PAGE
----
Sunday, February 4, 2018

Hisbodedus and Deveykus (Meditation and Cleaving to G-d)

From the Rav of Tcherin’s “Zimras Ha’aretz” (I, 52)
Translation by Dovid Sears
Published in TheTree that Stands Beyond Space (Breslov Research Institute), p. 83
L’ilui nishmas avi mori, Leib ben Yitzchok Yaakov, zal
Yartzeit: 30 Shevat (Rosh Chodesh Adar)

The perfection of hisbodedus is to attain deveykus—to cleave to G-d until you become utterly subsumed within the Divine Oneness.[1]

The word hisbodedus is  a construct of badad, meaning either “seclusion” or “oneness,” as in the phrase “they shall be one with one [i.e., of equal weight]” (Rashi on Exodus 30:34). That is, you must become “one with G-d” to the extent that all sensory awareness ceases and the only reality you perceive is G-dliness. This is the mystical meaning of the verse, “There is nothing but G-d alone” (Deuteronomy 4:35).

This, too, is why the Torah calls Israel, “a people that dwells alone [badad]” (Numbers 23:9). The destiny of every Jew is to attain complete unification with G-d, without any intermediary.[2]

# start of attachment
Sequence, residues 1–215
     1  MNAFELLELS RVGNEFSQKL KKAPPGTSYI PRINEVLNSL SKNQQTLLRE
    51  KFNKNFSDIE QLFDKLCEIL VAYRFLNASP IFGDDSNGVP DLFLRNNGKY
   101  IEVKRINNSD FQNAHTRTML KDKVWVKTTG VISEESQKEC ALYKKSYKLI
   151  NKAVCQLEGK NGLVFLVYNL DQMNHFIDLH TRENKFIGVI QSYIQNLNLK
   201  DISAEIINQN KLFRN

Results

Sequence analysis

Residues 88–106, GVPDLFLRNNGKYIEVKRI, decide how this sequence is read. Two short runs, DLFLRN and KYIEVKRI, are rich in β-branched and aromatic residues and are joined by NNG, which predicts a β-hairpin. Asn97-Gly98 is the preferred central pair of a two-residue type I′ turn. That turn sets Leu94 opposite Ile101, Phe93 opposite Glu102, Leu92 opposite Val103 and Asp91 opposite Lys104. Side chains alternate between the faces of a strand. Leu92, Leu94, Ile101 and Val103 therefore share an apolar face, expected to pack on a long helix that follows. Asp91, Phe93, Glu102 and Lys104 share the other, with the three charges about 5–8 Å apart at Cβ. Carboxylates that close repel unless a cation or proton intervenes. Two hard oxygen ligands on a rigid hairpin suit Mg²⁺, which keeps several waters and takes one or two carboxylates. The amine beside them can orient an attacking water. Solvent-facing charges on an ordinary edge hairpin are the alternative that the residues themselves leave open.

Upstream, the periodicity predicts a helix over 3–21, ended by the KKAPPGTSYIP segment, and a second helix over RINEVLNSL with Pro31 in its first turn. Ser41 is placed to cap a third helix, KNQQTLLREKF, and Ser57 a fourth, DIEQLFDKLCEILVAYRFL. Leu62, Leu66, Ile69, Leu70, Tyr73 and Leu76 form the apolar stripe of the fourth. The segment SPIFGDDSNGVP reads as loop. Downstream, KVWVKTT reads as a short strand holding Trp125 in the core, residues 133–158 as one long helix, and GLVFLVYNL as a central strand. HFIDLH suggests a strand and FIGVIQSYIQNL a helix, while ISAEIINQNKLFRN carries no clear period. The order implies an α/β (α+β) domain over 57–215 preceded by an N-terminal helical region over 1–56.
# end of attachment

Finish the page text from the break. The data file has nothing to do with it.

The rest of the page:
[1] This concept is more fully explained in Likutey Moharan I, 52; cf. Likutey Moharan I, 108, 156, 259; II, 25, 84, 93-101. Rebbe Nachman’s path of hisbodedus is the subject of the anthology Hishtapkhus HaNefesh by Reb Alter of Teplik (Moshe Yehoshua Alter Bezhilianski), translated by Rabbi Aryeh Kaplan as Outpouring of the Soul (Breslov Research Institute 1980).

[2] Righteous non-Jews too are destined to share this experience, as stated in Isaiah 40:5, Joel 3:1, et al. Similarly, the Midrash states in the name of the Prophet Elijah: “I call heaven and earth to bear witness that the Divine Spirit may rest on anyone, Jew or non-Jew, man or woman, slave or handmaid. Everything is in accordance with one’s deeds” (Tanna D’vei Eliyahu Rabbah 9:1); cf. Likutey Moharan I, 21:11, s.v. chaim nitzchiyim.

Regarding the concept of an intermediary, see this posting.

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